I read recently in The Montague Reporter, a small local paper up here in the hills of Western Massachusetts, (Theodor Seuss Geisel was born and raised here in Springfield, MA by the way), that a giant megaphone was being built in Turners Falls by Tim DeChristopher, an artist from Northampton, and his crew. The fifteen foot long megaphone's galvanized sheet metal cones, fabricated by Industrial Sheet Metal in Hatfield, MA, along with a ramp leading up to the mouthpiece, were assembled and shipped down to New York City and installed among the federal, state and city courthouses in Foley Square. Named the Freedom of Expression National Monument, the gigantic megaphone gives the littlest citizen an opportunity to let their voice be heard in a big way. The fact that it was built in Western Mass., home to Shays Rebellion, the REAL American Revolution that led to the writing of the Constitution, made this project all the more attractive. How could I resist?
Since I planned to be in New York anyway for the recent events surrounding the Republican National Convention, I thought it might be somewhat...er...judicious? to venture over to the site of this noble installation. After all, I had just marched across the Brooklyn Bridge with thousands of my fellow citizens demonstrating against the draconian policies of the Bush regime and I was in the neighborhood exercising my Constitutional rights anyway, why not cap it off with a recitation of said rights! So, my friends and I took the short walk over to the mega megaphone and prepared to speak truth to power.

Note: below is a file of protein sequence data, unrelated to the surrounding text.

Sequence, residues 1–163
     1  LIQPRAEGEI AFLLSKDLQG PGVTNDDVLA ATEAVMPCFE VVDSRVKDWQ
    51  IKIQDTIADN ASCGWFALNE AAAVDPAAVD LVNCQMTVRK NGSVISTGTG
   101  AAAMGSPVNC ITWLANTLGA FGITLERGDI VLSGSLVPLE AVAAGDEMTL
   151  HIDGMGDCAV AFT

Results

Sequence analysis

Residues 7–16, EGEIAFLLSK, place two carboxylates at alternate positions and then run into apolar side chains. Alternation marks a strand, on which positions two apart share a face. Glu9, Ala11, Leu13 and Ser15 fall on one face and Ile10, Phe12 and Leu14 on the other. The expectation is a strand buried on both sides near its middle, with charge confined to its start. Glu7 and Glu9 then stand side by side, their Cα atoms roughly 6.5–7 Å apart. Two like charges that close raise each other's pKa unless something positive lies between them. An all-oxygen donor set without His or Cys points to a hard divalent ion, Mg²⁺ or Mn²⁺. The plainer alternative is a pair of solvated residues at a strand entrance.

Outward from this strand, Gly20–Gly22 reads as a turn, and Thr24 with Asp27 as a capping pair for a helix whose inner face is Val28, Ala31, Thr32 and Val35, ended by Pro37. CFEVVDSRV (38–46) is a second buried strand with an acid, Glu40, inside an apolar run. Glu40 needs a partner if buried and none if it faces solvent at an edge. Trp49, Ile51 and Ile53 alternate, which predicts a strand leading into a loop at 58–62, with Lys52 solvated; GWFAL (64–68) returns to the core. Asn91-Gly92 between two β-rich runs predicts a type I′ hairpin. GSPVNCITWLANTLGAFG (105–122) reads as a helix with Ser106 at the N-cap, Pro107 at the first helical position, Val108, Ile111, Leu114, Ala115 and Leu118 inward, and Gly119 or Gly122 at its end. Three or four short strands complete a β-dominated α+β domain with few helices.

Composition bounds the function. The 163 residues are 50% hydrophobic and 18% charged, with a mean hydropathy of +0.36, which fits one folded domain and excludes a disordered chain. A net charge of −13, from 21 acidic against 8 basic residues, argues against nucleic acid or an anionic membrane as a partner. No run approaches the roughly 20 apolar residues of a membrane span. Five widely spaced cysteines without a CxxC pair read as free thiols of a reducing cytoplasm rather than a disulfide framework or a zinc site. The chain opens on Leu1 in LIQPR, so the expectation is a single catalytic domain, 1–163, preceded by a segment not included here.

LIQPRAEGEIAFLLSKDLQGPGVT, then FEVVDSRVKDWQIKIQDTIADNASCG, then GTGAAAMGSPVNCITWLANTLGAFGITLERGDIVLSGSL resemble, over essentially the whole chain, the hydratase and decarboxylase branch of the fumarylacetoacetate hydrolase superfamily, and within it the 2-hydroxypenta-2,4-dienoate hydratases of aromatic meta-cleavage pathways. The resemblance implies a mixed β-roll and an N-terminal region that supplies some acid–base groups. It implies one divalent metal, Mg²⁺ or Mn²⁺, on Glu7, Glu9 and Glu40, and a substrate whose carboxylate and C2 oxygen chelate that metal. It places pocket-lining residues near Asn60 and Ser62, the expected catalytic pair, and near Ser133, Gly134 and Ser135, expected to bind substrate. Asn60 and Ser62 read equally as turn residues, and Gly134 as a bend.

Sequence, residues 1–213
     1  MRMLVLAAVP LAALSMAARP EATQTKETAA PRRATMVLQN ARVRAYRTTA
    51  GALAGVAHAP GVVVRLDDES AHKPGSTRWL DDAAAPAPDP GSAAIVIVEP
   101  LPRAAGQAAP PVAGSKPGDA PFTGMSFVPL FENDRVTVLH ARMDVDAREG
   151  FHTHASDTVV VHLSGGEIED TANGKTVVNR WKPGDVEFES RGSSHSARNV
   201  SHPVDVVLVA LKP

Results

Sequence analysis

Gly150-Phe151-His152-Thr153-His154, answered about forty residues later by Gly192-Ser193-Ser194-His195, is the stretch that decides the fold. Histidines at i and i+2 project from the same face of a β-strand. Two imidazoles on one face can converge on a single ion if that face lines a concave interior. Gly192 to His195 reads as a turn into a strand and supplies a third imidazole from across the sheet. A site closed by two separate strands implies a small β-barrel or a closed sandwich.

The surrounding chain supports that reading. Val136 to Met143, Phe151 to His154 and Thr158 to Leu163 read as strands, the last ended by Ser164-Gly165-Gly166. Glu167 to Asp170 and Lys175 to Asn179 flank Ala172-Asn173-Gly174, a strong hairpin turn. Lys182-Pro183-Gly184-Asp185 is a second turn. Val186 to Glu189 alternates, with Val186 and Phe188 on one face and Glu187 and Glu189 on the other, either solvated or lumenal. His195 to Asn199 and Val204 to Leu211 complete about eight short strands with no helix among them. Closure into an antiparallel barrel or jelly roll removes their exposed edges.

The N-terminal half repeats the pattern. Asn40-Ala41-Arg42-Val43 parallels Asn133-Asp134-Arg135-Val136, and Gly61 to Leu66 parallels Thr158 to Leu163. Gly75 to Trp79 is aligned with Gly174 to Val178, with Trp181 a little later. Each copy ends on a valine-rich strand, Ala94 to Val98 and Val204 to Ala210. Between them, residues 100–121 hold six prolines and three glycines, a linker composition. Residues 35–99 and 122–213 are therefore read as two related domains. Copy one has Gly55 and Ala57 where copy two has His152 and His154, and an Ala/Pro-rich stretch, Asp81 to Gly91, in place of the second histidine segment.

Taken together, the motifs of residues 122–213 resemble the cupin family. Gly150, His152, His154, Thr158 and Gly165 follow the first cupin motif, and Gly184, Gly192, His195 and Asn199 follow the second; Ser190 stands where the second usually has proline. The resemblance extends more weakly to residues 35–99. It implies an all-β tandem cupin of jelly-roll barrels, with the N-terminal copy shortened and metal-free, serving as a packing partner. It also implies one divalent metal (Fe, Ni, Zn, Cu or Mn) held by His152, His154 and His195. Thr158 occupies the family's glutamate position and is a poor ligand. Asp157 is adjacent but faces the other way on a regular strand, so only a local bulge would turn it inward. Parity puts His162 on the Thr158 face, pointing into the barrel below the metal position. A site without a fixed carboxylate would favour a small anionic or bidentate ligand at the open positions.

Like the honorable Senator from West Virginia, Robert Byrd, I always carry a copy of the U.S. Constitution with me. Who knows, I may need to show it to some over-zealous governmental operative one day in the event its contents have slipped his or her mind. In any case, my copy of the U.S. Constitution came in very handy as I mounted the long ramp leading up to the mouthpiece of the Freedom of Expression National Monument (by the way, the megaphone is fully accessible, it has an additional mouthpiece at street level). It contained text that is often forgotten in the Bush II era and given that the Republicans had come to town to further their ongoing assault on the Constitution, it seemed only fitting that I should broadcast (albeit in a vintage low-tech sort of way) certain excerpts from that noblest of documents.
I have to admit, after a long trek on a hot summer day in New York City, I didn't have a whole lot of energy left at my disposal. However, I did manage to rally enough for a sort of Readers Digest condensed version of the Bill of Rights. Stepping up to the megaphone (and blowing my handy little cop's whistle into it, just in case no one was listening), I proceeded to render my favorite Amendments; the First being the most prominent. Unfortunately, it was Saturday and all the courthouses were locked up tight. The streets were pretty empty as well. Did my little effort make any difference?
OK, so the Freedom of Expression National Monument, like so much of art, is largely a symbolic effort, right? Well yes, but "Horton Hears a Who" is art too, and to be quite honest I attribute my seeming inability to keep my mouth shut in the face of danger as a direct result of being influenced by Dr. Seuss at a tender age. Fact is: there are millions of us Seuss fans and we are not pleased with what's happening in the White House, or Congress for that matter. Will our voices make any difference? Ask Horton and the Whos! We need every voice we can muster in this day and age. Like they say: silence is complicity.
For further information on the Freedom of Expression National Monument go to:
For further information on the U.S. Constitution go to:
http://www.cs.indiana.edu/statecraft/constitution.html or a library near you
To help protect the U.S. Constitution go to: